In Kelly’s Words – Ski Spectacular at Breckenridge
Last week Greg (our Program Director), Zeke and I kicked our ski season off at Breckenridge in Colorado for Disabled Sports USA’s “Ski Spectacular”. Ski Spec—as it’s called—is a huge adaptive ski festival, bringing together vendors, program professionals, race campers, and new and experienced adaptive skiers from across the country. It’s a place for instructors to learn best practices, adaptive skiers to get lessons and try equipment, and vendors to work with their customers to nail their fit.
Greg and I were there for a few reasons. Because I didn’t ski last season (I was pregnant with Nell), I was rusty. I also needed to work with Joe and Matt from Aspen Seating to improve the fit of the custom seat I had added to my monoski 2 seasons ago. These guys are the seating pros. Similarly, Greg is in the market for a new monoski. When you want to try all the newest monoskis, Ski Spec is the place. He tried a DynAccess, which is literally built by a rocket scientist, a Tessier, the builder of which had travelled from France to be there, and had his current Praschberger monoski fixed by the Austrian makers. It is amazing to see the technology that goes into these skis!
What makes Ski Spec so unique is that everyone there has a shared passion for making skiing with a disability easier, more fun, and just better. This is a community that isn’t in it for the money, glory, or any other superficial reason, we all just love sliding on snow and making it as inclusive, accessible, and exciting as possible for everyone.
But my favorite part of being at Ski Spec is that we were able to ski and hang with 4 KBF grant recipients:
- Liam from New York – was fitting his brand new monoski with the manufacturers and participating in the race camp
- McKenna from North Carolina – a female rugby player who was skiing for the first time
- Krista from Coloardo – a young Coloradan also getting her new monoski fit
- Quinn from Colorado – participating in the cross country skiing camp
For me, this is the best part of Ski Spec. Each of the last several years either Zeke or I have been out there to meet new grant recipients, welcome them to the KBF family, and get to know them better. The last few years we’ve helped about 200 people per year all over the country buy adaptive sports equipment and we don’t get to meet most of them in person. We try our best to stay in touch, talk, or meet up if we are in the same area, but more often than not I don’t get to know our grant recipients nearly as well as I’d like to. It is so nice to go to an event like Ski Spec and spend real time with these individuals who have such amazing stories. I love that the KBF can be part of their story in some small way and getting to know them makes that even better.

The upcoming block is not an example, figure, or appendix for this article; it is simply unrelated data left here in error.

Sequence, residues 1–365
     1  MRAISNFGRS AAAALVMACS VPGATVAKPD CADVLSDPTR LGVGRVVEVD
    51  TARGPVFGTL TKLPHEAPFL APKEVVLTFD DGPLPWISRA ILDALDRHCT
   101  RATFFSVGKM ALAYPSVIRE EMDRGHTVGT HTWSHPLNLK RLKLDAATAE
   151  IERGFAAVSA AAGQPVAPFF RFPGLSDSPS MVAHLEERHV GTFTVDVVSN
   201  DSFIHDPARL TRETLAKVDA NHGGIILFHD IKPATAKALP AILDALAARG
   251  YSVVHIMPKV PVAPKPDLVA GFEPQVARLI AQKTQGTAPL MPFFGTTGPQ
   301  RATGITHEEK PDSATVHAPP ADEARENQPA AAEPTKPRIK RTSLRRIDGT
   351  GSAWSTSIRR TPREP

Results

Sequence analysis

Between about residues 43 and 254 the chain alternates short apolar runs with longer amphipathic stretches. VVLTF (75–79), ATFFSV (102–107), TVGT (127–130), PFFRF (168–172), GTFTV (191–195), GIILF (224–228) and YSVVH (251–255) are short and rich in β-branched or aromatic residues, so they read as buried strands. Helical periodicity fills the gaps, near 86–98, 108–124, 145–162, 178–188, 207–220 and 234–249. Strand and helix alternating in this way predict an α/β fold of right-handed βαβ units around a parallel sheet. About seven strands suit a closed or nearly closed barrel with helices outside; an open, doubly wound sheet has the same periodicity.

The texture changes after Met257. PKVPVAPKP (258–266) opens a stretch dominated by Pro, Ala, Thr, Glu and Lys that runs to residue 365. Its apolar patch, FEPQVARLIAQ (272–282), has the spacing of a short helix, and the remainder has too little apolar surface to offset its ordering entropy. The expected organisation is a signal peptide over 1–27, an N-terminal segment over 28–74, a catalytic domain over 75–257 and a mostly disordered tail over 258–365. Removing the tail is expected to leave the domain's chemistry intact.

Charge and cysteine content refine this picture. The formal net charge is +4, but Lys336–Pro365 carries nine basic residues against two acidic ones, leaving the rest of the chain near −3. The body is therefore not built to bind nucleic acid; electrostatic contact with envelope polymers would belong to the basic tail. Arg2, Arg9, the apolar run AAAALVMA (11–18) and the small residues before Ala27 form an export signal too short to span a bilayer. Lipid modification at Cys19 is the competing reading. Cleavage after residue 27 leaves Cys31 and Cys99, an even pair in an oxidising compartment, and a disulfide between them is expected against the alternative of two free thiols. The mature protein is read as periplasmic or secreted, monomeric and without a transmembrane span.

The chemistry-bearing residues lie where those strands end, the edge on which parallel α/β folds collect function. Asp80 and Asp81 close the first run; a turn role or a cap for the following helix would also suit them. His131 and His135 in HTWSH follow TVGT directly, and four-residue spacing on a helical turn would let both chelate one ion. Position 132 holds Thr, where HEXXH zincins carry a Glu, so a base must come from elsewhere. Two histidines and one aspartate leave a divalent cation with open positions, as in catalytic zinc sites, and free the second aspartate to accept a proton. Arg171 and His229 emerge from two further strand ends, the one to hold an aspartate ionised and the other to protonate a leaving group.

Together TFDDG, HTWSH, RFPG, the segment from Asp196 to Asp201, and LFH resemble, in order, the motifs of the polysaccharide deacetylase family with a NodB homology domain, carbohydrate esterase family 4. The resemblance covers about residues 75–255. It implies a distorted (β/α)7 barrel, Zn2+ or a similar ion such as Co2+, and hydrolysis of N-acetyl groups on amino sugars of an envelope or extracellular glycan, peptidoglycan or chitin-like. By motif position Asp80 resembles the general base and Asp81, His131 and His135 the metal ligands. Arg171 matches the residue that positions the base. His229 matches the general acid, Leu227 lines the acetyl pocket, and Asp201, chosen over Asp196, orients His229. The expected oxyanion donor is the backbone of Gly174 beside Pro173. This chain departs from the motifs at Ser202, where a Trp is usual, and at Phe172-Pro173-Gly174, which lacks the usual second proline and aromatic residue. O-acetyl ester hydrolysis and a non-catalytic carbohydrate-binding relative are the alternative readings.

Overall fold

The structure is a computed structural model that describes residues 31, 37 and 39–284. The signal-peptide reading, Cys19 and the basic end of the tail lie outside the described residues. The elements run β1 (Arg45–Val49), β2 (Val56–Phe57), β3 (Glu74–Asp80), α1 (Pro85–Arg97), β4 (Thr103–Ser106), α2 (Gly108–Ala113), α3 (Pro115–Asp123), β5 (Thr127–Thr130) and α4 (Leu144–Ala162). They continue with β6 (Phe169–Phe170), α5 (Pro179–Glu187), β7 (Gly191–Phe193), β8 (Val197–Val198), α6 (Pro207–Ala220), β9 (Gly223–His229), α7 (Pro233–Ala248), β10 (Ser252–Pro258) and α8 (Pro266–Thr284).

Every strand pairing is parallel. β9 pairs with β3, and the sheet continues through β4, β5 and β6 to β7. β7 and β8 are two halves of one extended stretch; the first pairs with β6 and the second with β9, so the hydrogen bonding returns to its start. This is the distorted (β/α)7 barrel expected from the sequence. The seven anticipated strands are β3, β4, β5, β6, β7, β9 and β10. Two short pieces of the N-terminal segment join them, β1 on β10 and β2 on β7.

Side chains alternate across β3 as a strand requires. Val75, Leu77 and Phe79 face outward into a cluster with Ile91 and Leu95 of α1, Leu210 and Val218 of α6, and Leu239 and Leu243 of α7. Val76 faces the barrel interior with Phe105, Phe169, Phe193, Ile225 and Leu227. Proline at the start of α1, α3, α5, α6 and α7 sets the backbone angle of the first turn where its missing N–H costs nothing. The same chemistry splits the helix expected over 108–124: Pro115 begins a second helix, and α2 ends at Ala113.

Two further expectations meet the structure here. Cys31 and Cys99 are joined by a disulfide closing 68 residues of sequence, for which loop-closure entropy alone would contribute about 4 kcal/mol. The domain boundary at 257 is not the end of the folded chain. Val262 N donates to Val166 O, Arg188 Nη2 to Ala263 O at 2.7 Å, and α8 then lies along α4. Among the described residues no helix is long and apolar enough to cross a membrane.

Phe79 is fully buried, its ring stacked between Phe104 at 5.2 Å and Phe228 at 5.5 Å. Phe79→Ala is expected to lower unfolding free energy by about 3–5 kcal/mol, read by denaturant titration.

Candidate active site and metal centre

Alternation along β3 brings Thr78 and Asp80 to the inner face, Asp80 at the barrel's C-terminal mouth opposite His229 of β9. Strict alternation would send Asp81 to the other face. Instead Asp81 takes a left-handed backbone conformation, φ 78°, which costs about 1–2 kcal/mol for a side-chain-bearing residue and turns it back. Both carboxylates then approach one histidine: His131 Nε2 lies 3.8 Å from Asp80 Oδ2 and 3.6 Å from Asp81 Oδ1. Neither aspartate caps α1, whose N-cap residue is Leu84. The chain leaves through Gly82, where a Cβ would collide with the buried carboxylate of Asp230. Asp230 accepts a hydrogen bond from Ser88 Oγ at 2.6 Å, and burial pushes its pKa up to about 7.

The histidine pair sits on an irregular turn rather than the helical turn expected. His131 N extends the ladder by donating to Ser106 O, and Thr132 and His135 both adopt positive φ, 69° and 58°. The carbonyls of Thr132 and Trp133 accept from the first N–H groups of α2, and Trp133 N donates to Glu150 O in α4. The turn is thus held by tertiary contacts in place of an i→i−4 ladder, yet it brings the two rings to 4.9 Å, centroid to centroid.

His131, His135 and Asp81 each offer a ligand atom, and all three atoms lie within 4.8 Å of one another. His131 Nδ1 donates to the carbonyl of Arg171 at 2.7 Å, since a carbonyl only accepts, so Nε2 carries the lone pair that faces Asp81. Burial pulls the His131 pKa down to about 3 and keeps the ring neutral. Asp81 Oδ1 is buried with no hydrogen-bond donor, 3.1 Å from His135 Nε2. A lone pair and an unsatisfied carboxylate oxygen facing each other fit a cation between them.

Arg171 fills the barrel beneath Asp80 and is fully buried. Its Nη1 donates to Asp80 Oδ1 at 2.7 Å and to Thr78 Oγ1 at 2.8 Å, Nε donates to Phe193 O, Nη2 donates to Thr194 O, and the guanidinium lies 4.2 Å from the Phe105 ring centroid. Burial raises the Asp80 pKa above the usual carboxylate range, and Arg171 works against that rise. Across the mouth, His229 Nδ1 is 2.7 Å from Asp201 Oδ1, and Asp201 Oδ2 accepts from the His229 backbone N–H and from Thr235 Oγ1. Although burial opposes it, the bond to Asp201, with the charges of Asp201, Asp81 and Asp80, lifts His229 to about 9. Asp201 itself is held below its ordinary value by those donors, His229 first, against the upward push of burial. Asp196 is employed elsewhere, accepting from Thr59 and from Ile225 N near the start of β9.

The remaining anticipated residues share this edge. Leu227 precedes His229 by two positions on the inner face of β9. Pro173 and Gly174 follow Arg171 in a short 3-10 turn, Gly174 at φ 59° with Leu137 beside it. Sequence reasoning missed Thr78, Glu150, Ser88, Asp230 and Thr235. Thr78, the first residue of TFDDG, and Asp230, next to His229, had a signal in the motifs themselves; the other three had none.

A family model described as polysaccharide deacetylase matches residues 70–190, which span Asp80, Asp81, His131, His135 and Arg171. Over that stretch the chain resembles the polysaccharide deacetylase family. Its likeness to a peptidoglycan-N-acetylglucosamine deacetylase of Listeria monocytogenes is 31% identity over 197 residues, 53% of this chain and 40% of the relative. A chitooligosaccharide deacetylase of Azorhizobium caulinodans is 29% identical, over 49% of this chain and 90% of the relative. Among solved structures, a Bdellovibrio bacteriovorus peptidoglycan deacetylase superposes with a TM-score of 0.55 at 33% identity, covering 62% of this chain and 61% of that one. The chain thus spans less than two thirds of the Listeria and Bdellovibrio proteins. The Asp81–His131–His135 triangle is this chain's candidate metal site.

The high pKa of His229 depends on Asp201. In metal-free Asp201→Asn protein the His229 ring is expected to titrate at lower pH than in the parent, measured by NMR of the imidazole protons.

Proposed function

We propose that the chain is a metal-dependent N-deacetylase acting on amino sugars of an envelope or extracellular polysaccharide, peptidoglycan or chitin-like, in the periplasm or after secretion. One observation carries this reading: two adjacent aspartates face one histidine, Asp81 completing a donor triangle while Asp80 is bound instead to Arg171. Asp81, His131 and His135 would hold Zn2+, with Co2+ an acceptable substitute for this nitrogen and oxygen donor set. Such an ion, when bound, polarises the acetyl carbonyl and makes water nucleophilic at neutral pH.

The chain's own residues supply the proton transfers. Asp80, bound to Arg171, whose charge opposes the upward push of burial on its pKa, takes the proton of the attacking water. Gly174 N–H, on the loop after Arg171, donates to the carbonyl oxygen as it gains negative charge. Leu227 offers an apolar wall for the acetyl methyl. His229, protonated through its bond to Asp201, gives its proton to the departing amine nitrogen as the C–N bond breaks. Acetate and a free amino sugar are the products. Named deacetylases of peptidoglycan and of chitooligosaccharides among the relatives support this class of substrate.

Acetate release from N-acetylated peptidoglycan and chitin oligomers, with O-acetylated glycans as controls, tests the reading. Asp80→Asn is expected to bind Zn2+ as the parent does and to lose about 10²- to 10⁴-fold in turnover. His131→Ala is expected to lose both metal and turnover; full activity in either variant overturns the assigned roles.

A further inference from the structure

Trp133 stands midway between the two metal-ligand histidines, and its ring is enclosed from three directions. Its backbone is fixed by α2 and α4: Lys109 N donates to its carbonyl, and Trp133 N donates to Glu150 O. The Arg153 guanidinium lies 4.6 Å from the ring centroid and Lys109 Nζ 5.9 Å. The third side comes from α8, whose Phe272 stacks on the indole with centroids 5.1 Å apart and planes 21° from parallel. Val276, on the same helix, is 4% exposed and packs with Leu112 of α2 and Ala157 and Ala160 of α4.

My favorite visual of Ski Spec is seeing all of the empty chairs sitting on the side of the hill while everyone is out skiing. It is rare to see another monoskiers on the mountain and at Ski Spec they are everywhere. There also are tons of people with other disabilities that are skiing including blind skiers, amputees, and those with cognitive disabilities. To see all of these skiers using their adaptations to get out and enjoy the mountain is so much fun for me. Skiing is a really equalizing sport. It’s gravity-based, doesn’t include wheels (which is really refreshing!), and lets you use force to turn. Zeke and I go together, go up the same lift, down the same trails, and go the same speed (sort of…!). Skiing is about the only sport that we can truly do together and equally. Being at Ski Spec reminds me why I love skiing so much. And after these amazing days at Ski Spec, I’m just excited to get home and go skiing with my kids!
To see it close-up, check out our Ski Spec recap!
Dylan and Nell Update:
While Zeke and I enjoyed our trip to Colorado we had decided to leave Dylan in Vermont. We brought Nell with us (I’m still breastfeeding her) and had Dylan stay with a mix of my sister, my parents, Zeke’s sister, and Zeke’s parents. Our trip was 10 days which is the longest I had ever been away from Dylan. It was too long! About part way through we got word that she was a little sad and missing us one day and by the end I was missing her a lot too. As much as I love my kids, time away can be really rejuvenating, but I realize now that sometimes it can be too much. Dylan generally did fine and loved having “sleep overs” with her extended family, but I think Zeke and I will try to make sure we have shorter trips in the future. Nell did amazingly well. She didn’t love sleeping at altitude but otherwise was such a trooper and adapted wonderfully to our crazy schedule.